Gangu County is a county in the southeast of Gansu province, the People's Republic of China. It is under the administration of Tianshui City. Its postal code is 741200, and in 1999 its population was 570,318 people.
Cao Rui, courtesy name Yuanzhong, was the second emperor of the state of Cao Wei during the Three Kingdoms period. His parentage is in dispute: his mother, Lady Zhen, was Yuan Xi's wife, but she later remarried Cao Pi, the first ruler of Wei. Based on conflicting accounts of his age, Pei Songzhi calculated that, in order to be Cao Pi's son, Cao Rui could not have been 36 when he died as recorded, so the recorded age was in error; Lu Bi and Mou Guangsheng argued instead that Cao Rui was Yuan Xi's son.
At that moment, Jiang Wei was patrolling the outskirts with his commanding officer Ma Zun (馬遵), the Administrator of Tianshui Commandery. Afraid that Jiang Wei might be colluding with the Shu army, Ma Zun fled secretly at night to Shanggui County (上邽縣; in present-day Tianshui, Gansu). When Jiang Wei discovered about that, it was already too late and on returning to Shanggui County, the defenders refused to open the gates for him. As a result, Jiang Wei defected to the Shu side along with his colleagues Liang Xu (梁緒), Yin Shang (尹賞) and Liang Qian (梁虔).
Jiang Wei, courtesy name Boyue, was a military general of the state of Shu during the Three Kingdoms period of China. Born in Ji County, Jiang Wei started his career as a military officer in his native Tianshui Commandery, which was a territory of the state of Wei. In 228, when Wei's rival state Shu launched an invasion, Jiang Wei had no choice but to defect to Shu due to the circumstances. Zhuge Liang, the Imperial Chancellor and regent of Shu, highly regarded Jiang Wei and allowed him to serve as a general in Shu. After Zhuge Liang's death in 234, Jiang Wei continued serving as a general during the regencies of Zhuge Liang's successors, Jiang Wan and Fei Yi. Between 240 and 262, he continued Zhuge Liang's legacy of waging war against Wei by leading another 11 military campaigns. However, Jiang Wei failed to make any significant gains from the campaigns as each was ultimately aborted due to inadequate food supplies, heavy losses on the battlefield, or other reasons. The campaigns also severely depleted Shu's already limited resources and took a toll on the Shu population; Jiang Wei also incurred much resentment from the people for his warmongering behaviour. While Jiang Wei was away at the frontline, the palace eunuch Huang Hao, whom the Shu emperor Liu Shan favoured, gradually became more influential in Shu's internal politics. After the 11th campaign in 262, Jiang Wei suspected that Huang Hao was plotting to remove from power so he did not return to the capital Chengdu and instead remained in Tazhong. In 263, when Wei launched a massive invasion of Shu, Jiang Wei led Shu forces to resist the invaders at Tazhong, Yinping and Jiange, but he was caught off guard when the Wei forces under Deng Ai took a shortcut and showed up at Chengdu unexpectedly. Liu Shan surrendered to Deng Ai without putting up resistance and ordered Jiang Wei to surrender to the Wei general Zhong Hui; this event marked the end of Shu's existence. In the following year, Jiang Wei instigated Zhong Hui to launch a rebellion in Chengdu against the Wei regent Sima Zhao and hoped to use the opportunity to gain military power and restore Shu. However, some of Zhong Hui's officers, who were unwilling to participate in the rebellion, started a mutiny against Zhong Hui and killed him and Jiang Wei.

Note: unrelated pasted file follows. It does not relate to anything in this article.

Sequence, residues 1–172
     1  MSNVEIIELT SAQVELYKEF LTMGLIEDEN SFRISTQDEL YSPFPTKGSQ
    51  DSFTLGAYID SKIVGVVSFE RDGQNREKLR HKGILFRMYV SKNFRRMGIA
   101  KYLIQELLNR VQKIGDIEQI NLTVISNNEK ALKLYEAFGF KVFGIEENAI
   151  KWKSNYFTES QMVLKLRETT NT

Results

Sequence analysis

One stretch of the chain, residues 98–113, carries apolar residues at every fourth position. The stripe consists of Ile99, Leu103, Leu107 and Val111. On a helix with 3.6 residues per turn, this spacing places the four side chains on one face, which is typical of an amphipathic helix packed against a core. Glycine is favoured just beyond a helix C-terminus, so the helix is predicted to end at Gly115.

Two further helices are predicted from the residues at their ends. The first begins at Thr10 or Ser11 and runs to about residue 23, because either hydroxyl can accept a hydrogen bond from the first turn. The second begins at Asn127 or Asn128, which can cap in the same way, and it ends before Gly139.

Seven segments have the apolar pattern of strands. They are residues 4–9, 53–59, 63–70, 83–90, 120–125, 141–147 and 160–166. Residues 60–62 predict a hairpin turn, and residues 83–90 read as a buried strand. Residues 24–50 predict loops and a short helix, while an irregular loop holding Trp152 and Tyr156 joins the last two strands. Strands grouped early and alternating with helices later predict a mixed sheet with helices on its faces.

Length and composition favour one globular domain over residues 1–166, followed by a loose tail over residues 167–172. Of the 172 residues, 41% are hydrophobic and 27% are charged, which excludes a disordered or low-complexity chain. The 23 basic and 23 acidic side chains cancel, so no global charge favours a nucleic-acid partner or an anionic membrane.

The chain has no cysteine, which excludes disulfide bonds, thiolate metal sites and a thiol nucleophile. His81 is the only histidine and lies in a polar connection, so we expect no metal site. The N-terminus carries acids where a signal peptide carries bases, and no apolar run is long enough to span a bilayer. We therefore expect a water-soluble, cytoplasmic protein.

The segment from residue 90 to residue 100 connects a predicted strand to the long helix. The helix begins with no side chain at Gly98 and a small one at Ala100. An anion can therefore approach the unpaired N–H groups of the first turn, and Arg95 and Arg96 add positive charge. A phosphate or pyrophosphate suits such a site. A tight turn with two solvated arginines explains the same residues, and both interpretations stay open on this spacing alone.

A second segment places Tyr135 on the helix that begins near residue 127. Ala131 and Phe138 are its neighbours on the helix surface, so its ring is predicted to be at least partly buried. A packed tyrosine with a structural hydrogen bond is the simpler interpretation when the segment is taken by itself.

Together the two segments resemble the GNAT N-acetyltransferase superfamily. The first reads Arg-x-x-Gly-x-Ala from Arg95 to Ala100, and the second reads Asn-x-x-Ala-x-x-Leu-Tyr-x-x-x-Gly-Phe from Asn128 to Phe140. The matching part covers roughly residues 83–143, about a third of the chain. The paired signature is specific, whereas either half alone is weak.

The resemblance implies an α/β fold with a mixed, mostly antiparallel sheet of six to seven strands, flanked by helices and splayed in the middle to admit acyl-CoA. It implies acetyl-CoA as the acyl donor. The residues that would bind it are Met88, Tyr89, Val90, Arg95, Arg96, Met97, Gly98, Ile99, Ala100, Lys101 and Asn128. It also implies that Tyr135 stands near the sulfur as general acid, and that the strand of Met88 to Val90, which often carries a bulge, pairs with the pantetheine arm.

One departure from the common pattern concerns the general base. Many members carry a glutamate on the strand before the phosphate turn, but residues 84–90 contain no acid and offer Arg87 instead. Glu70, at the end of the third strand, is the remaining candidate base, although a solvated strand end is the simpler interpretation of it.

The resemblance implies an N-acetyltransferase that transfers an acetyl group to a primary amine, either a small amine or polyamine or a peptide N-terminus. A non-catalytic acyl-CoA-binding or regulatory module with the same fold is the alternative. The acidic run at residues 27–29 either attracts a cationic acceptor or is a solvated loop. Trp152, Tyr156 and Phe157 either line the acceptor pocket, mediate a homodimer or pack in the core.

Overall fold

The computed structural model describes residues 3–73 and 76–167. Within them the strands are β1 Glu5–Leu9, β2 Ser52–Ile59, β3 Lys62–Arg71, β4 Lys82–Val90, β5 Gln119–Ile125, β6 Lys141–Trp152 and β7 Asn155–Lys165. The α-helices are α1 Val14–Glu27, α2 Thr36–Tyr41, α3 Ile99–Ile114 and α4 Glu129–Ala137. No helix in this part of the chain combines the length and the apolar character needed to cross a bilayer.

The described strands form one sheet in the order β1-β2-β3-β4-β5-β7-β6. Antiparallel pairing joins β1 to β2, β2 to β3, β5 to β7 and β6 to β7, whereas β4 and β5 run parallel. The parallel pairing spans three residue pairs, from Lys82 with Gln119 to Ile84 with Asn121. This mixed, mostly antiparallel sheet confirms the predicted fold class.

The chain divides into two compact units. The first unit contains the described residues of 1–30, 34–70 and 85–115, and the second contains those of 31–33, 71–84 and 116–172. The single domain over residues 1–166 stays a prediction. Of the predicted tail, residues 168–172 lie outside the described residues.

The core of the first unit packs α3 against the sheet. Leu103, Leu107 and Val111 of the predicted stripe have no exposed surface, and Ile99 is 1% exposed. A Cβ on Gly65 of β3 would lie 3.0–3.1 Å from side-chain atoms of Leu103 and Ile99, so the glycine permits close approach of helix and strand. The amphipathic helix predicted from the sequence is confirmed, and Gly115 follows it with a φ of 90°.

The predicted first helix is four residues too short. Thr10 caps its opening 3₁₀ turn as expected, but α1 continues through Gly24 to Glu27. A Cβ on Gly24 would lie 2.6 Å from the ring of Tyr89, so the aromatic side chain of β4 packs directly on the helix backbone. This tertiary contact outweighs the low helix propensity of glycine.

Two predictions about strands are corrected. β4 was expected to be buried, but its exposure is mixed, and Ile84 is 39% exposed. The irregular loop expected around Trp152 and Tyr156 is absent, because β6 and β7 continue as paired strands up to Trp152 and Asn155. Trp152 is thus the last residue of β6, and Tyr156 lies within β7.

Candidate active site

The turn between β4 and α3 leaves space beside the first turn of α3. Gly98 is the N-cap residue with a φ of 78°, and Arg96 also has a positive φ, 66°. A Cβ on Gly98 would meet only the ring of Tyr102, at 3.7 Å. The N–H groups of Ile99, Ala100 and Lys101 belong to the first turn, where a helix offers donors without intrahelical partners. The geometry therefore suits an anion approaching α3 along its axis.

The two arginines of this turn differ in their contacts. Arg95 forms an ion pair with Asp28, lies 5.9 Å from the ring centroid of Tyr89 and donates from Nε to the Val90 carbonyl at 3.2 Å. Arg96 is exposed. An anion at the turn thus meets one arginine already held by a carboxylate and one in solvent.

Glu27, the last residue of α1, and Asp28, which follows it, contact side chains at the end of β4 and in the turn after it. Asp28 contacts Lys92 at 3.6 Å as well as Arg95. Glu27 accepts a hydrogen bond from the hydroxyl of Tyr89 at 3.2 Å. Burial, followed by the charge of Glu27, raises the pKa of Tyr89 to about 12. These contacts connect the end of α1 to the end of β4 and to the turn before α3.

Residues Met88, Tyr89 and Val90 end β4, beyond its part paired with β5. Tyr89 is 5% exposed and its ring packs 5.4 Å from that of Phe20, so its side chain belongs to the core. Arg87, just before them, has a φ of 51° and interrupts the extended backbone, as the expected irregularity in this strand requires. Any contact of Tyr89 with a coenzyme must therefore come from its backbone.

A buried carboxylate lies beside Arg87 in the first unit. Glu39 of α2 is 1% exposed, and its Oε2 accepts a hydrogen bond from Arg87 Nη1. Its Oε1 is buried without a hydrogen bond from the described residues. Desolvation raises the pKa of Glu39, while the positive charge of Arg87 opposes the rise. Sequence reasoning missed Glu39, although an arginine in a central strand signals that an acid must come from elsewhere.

Tianshui is the second-largest city in Gansu Province, China. Its population is approximately 3.5 million. The city and its surroundings have played an important role in the early history of China, as still visible in the form of historic sites.
There was in fact no battle at Tianshui; only a revolt took place. The area surrounding the city submitted quickly to Shu, enabling the army to advance steadily but the Shu army had suffered a setback at the Battle of Jieting, when Zhang He defeated Ma Su who was sent by Zhuge Liang to handle him. Zhuge Liang gave the order for a retreat back to Shu territory. Zhao Yun and Deng Zhi were also ordered to counter Cao Zhen, but their troop strength were inadequate to that of the enemy. Hence they were defeated at Ji Gorge (箕谷; east of present-day Baoji, Shaanxi), but their centre held firm and thus avoided a great defeat. Zhao Yun and his army withdrew. The commanderies that rose in revolt to join Shu were later pacified by Zhang He and returned to Wei control.
The Battle of Jieting was fought between the states of Cao Wei and Shu Han in 228 during the Three Kingdoms period in China. The battle was part of the first Northern Expedition led by Shu's chancellor-regent, Zhuge Liang, to attack Wei. The battle concluded with a decisive victory for Wei.
Ma Su (190–228), courtesy name Youchang, was a military general and strategist of the state of Shu Han in the Three Kingdoms period of China. He was a younger brother of Ma Liang. Ma Su had conspicuous talent in military theories and was admired by the Shu chancellor Zhuge Liang. However, a tactical blunder by Ma Su at the Battle of Jieting resulted in Shu being dealt a huge defeat by Zhang He, a general of the rival state of Wei.